, Volume 25, Issue 4, pp 559-575
Date: 19 Feb 2011

Biotechnological interventions in sea buckthorn (Hippophae L.): current status and future prospects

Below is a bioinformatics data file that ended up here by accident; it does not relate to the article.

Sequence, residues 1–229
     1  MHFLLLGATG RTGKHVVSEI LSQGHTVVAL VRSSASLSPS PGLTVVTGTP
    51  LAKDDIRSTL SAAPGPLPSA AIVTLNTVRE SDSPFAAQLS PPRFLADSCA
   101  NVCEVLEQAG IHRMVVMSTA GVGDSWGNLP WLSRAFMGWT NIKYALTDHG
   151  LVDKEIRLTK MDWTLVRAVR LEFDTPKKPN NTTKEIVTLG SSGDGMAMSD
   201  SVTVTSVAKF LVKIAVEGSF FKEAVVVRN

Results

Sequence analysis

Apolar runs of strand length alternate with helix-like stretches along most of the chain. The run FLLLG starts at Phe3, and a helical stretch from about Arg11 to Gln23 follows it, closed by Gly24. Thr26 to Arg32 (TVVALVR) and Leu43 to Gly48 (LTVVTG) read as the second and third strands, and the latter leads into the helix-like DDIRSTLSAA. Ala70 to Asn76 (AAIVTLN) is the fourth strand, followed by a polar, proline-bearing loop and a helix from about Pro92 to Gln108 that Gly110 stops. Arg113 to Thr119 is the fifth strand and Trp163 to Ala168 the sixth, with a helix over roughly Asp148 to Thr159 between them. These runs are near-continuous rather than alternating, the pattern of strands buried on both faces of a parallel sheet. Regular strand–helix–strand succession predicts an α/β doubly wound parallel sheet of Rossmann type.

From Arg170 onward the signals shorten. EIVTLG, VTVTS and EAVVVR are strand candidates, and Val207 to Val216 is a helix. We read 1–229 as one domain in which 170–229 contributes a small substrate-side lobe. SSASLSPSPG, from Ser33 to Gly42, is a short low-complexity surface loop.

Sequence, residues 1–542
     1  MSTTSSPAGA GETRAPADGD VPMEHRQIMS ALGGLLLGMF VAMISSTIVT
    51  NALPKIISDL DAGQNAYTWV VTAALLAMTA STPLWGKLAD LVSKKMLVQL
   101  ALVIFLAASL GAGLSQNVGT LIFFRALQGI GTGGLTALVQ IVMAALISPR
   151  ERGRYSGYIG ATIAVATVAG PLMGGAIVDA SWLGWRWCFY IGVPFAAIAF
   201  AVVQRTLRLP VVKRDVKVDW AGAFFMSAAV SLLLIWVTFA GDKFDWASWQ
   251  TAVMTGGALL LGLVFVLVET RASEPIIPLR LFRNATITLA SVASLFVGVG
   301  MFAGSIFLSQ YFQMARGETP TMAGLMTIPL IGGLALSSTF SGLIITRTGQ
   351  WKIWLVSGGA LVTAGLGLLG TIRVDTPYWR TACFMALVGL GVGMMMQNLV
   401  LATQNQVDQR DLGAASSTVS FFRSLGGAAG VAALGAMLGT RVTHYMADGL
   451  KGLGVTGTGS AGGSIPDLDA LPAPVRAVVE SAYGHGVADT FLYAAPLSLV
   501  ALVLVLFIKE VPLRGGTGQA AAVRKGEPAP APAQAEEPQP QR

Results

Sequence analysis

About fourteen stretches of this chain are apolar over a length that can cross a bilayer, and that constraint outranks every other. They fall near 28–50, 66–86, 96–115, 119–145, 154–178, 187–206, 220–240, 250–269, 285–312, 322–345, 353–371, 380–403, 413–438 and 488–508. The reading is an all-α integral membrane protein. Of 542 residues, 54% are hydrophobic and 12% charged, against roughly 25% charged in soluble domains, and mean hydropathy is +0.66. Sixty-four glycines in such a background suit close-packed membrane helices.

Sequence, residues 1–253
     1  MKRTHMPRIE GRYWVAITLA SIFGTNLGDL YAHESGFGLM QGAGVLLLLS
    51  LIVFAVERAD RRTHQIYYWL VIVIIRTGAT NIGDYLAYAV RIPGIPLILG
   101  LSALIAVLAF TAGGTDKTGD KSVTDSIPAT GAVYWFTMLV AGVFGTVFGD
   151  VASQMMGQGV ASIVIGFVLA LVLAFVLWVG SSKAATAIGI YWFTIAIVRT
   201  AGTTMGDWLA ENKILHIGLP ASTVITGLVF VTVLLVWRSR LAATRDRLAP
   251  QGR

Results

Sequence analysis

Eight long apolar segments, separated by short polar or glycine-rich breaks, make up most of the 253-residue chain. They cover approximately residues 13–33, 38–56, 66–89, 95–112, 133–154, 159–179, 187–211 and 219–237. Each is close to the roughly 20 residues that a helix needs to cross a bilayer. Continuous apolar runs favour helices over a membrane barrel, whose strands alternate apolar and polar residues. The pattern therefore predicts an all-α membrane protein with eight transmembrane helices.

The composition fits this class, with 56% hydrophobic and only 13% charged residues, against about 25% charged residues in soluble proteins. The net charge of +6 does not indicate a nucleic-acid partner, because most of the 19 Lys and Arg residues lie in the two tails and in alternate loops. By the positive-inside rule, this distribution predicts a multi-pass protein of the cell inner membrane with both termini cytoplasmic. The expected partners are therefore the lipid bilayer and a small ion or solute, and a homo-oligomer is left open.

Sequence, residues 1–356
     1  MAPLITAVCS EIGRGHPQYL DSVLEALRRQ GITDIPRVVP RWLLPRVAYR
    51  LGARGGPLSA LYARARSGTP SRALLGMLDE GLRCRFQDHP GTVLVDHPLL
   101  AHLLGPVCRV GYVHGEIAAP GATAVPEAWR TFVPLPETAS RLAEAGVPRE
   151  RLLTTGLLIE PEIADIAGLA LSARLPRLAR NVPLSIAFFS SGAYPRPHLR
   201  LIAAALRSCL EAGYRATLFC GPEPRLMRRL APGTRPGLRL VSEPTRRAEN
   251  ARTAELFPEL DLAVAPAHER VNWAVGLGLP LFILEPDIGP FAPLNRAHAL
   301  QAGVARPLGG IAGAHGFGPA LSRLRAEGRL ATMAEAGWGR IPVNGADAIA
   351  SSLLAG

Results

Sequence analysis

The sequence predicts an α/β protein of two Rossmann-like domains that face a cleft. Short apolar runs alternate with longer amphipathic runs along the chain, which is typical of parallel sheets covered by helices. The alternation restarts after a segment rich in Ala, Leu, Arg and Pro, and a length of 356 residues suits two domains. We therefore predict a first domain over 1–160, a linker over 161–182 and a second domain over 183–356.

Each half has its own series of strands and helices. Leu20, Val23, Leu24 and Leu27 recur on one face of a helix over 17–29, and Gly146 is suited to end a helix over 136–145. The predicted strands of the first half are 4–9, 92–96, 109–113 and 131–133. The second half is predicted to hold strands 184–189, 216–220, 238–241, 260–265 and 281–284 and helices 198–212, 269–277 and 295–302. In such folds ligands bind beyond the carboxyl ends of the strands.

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Sea buckthorn (Hippophae L., Elaeagnaceae) is an economically and ecologically important medicinal plant comprising of species which are winter hardy, dioecious, wind-pollinated multipurpose shrubs bearing yellow or orange berries with nitrogen-fixing ability. It grows widely in cold regions of Indian Himalayas, China, Russia, Europe and many other countries. It is commonly known as ‘cold desert gold’ due to its high potential as a bio-resource for land reclamation, reducing soil erosion and its multifarious uses. The wild populations are being used for harvesting economic benefits with negligible plantation efforts. Although this plant has many excellent traits, it is still in an early phase of domestication. This woody plant is prone to many pests and diseases which destroy the plants and halt its commercial production. Limited progress has been made for improvement of sea buckthorn through breeding programs due to long juvenile period and lack of QTL linkage map, which makes screening of mapping populations a time-consuming and labor-intensive task. Conventional propagation methods, i.e. seeds, softwood and hardwood cuttings, and suckers are in place but are cumbersome and season dependent. Therefore, application of modern tools of biotechnology needs to be standardized for harnessing maximum benefits from this nutraceutical plant. Improvement of this genus through genetic transformation requires an efficient regeneration system, which is yet to be standardized. Taxonomic status of the genus is controversial and requires more inputs. Taxonomic delineation of species and subspecies and also the breeding programs can be more robustly addressed using molecular markers. This review summarizes the progress made and suggests some future directions of research for this important fruit species.